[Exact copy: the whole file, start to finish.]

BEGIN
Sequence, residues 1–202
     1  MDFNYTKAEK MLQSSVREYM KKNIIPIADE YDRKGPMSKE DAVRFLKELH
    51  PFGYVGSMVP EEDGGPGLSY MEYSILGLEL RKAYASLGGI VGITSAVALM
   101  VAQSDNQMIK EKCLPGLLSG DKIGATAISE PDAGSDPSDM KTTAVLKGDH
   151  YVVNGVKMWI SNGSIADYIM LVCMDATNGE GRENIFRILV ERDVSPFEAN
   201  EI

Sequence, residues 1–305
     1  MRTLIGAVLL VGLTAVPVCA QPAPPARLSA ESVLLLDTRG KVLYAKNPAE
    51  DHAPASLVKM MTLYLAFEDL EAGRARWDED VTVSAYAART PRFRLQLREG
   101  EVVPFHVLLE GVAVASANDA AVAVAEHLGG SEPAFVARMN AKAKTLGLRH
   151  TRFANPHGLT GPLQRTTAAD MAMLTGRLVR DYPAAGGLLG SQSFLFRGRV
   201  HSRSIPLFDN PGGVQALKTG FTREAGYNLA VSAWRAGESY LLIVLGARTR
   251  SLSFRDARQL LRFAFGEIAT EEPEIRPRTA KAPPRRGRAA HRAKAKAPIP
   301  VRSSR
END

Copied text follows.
Sequence, residues 1–202
     1  MDFNYTKAEK MLQSSVREYM KKNIIPIADE YDRKGPMSKE DAVRFLKELH
    51  PFGYVGSMVP EEDGGPGLSY MEYSILGLEL RKAYASLGGI VGITSAVALM
   101  VAQSDNQMIK EKCLPGLLSG DKIGATAISE PDAGSDPSDM KTTAVLKGDH
   151  YVVNGVKMWI SNGSIADYIM LVCMDATNGE GRENIFRILV ERDVSPFEAN
   201  EI

Sequence, residues 1–305
     1  MRTLIGAVLL VGLTAVPVCA QPAPPARLSA ESVLLLDTRG KVLYAKNPAE
    51  DHAPASLVKM MTLYLAFEDL EAGRARWDED VTVSAYAART PRFRLQLREG
   101  EVVPFHVLLE GVAVASANDA AVAVAEHLGG SEPAFVARMN AKAKTLGLRH
   151  TRFANPHGLT GPLQRTTAAD MAMLTGRLVR DYPAAGGLLG SQSFLFRGRV
   201  HSRSIPLFDN PGGVQALKTG FTREAGYNLA VSAWRAGESY LLIVLGARTR
   251  SLSFRDARQL LRFAFGEIAT EEPEIRPRTA KAPPRRGRAA HRAKAKAPIP
   301  VRSSR